Mr P W Botha inadvertently unleashed the political radicalisation and militancy of the youth at that time. Comrade Tommy was in the front trenches of the struggle led by Cosas and Sasco, such as consumer boycotts and making South Africa ungovernable.
He was a very diligent teacher who was passionate about his profession. His students say that he was always on time and he was a disciplinarian. As a teacher, he joined the SA Democratic Teachers Union, Sadtu, a union whose mission was to fight for a nonracial people's education and to better the working conditions of educators.
No sooner had President De Klerk in 1990 announced the unbanning of the ANC and other political organisations than Comrade Tommy joined the ANC in the Rathoke branch, where he soon became a branch secretary and later a Moutse West zonal secretary. We were impressed with his monthly political reports to the regional executive committee and Comrades Sello Matshoga, Viljoen Mtsweni, Speedy Mashilo and I decided to campaign for him to be regional secretary.
He served as regional secretary for 13 years, making him the longest- serving secretary of a region in Mpumalanga province. It is for this reason that he was affectionately known as mongwaledi [secretary] even when he was already here in this Parliament. I remember vividly that as a secretary, he was time-conscious, and he kept his reports and the minutes properly. He had an amazing memory for remembering the names of many comrades, the branches they came from and the troubles they caused, if any.
He communicated organisational decisions very well and implemented even the unpopular ones fearlessly because he understood the principle of democratic centralism. Not only was he a lucid thinker, but he was also a combative debater. He did not suffer fools. As secretary, he was centrally involved in all the general election campaigns, from 1994 up to 2014, including the local government elections. He ensured that the election structures, the branch election teams and the regional election team were functional and able to prosecute the campaigns.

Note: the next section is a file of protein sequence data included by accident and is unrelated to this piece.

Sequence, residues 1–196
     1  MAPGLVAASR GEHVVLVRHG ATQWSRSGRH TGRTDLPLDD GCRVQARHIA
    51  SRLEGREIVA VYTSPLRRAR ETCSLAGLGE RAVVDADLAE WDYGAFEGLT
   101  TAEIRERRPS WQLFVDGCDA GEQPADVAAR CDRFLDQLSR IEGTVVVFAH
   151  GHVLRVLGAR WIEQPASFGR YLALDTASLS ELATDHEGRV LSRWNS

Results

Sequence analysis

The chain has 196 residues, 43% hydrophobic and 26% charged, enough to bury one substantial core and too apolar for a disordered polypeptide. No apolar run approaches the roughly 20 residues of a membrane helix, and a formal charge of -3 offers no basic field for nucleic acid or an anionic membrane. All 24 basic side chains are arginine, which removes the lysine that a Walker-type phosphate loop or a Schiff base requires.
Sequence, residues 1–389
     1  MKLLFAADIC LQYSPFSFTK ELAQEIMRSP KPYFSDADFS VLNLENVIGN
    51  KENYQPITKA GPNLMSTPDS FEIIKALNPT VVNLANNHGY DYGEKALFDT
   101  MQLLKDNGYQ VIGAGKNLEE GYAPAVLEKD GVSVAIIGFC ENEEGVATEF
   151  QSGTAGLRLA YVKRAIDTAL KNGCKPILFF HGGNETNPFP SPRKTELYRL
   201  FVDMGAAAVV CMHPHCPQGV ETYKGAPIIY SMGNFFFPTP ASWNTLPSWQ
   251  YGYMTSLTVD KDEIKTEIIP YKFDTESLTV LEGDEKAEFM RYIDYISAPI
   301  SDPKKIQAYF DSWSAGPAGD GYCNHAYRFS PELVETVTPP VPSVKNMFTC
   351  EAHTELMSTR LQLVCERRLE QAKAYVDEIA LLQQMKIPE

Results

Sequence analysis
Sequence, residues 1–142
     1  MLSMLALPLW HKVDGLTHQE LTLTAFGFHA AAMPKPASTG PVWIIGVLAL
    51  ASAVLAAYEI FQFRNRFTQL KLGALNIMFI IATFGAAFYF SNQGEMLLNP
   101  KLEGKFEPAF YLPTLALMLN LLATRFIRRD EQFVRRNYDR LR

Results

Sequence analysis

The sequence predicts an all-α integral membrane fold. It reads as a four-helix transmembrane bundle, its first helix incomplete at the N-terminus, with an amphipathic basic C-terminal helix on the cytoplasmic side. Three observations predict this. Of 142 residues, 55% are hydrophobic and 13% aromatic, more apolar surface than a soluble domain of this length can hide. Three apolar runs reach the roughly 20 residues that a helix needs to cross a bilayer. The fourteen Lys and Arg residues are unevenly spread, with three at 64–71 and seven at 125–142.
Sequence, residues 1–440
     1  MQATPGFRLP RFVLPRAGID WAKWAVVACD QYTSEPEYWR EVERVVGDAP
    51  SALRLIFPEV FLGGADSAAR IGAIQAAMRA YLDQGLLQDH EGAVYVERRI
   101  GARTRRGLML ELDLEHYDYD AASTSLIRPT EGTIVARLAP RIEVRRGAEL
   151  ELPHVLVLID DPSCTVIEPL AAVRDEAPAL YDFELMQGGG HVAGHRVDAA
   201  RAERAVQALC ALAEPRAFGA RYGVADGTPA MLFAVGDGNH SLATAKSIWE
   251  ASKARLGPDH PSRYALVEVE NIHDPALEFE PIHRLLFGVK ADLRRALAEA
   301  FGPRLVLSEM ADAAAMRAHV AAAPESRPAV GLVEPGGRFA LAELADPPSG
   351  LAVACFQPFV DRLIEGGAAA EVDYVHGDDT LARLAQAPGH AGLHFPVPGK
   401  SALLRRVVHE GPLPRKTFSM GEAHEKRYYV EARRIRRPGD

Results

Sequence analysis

We deployed him to be regional director of sports, arts and culture in the Nkangala region, while I was MEC for sports, arts and culture in Mpumalanga province. Once again he distinguished himself in this responsibility. Comrade Tommy also served a stint as political advisor to the premier, Comrade D D Mabuza.
As I conclude, he was deployed here in Parliament after the 2014 elections and he served in two committees, that is, the Portfolio Committee on Communications and the Portfolio Committee on Labour, chaired by Comrades Joyce Moloi-Moropa and Lumka Yengeni respectively. He was deployed in the Steve Tshwete Local Municipality's Parliamentary Constituency Office to do constituency work. Around August or September 2014, his health visibly deteriorated. Hon J J Skhosana conferred with me that we must advise him to go home and we persuaded him to do just that. Unfortunately, on 18 January 2015, the heart of this stoic fighter ceased to beat.
Comrade Tommy was a loving father and husband to Mrs Florah Maja-Nkoana and they were blessed with four children. We owe the family a deep debt of gratitude for supporting him while he was doing political work for the ANC and the alliance - a freedom fighter, a people's tribune and a tireless revolutionary.
Khamba kuhle mongwaledi khamba kuhle kutana, khamba kuhle kur'narha yomzabalazo. [Go well, secretary; go well, hero; go well, champion freedom fighter.]
May his revolutionary soul rest in peace.
Ngiyathokoza. [Thank you.]
Agreed to, members standing.